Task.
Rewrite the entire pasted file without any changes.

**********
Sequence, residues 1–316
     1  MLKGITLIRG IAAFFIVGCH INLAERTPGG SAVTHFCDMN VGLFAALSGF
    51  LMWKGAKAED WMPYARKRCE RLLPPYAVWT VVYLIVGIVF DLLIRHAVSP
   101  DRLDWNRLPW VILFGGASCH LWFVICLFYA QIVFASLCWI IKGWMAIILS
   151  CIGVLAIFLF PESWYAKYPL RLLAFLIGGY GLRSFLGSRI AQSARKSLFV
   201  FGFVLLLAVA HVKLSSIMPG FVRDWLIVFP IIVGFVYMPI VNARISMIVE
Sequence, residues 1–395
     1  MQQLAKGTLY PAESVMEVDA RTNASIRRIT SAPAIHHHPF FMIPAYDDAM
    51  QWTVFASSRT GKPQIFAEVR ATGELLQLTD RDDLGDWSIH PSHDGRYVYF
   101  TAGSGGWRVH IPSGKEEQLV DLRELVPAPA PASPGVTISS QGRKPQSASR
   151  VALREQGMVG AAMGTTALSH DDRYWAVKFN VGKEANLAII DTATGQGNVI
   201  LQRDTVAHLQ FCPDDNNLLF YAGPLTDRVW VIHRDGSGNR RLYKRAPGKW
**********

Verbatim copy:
Sequence, residues 1–316
     1  MLKGITLIRG IAAFFIVGCH INLAERTPGG SAVTHFCDMN VGLFAALSGF
    51  LMWKGAKAED WMPYARKRCE RLLPPYAVWT VVYLIVGIVF DLLIRHAVSP
   101  DRLDWNRLPW VILFGGASCH LWFVICLFYA QIVFASLCWI IKGWMAIILS
   151  CIGVLAIFLF PESWYAKYPL RLLAFLIGGY GLRSFLGSRI AQSARKSLFV
   201  FGFVLLLAVA HVKLSSIMPG FVRDWLIVFP IIVGFVYMPI VNARISMIVE
Sequence, residues 1–395
     1  MQQLAKGTLY PAESVMEVDA RTNASIRRIT SAPAIHHHPF FMIPAYDDAM
    51  QWTVFASSRT GKPQIFAEVR ATGELLQLTD RDDLGDWSIH PSHDGRYVYF
   101  TAGSGGWRVH IPSGKEEQLV DLRELVPAPA PASPGVTISS QGRKPQSASR
   151  VALREQGMVG AAMGTTALSH DDRYWAVKFN VGKEANLAII DTATGQGNVI
   201  LQRDTVAHLQ FCPDDNNLLF YAGPLTDRVW VIHRDGSGNR RLYKRAPGKW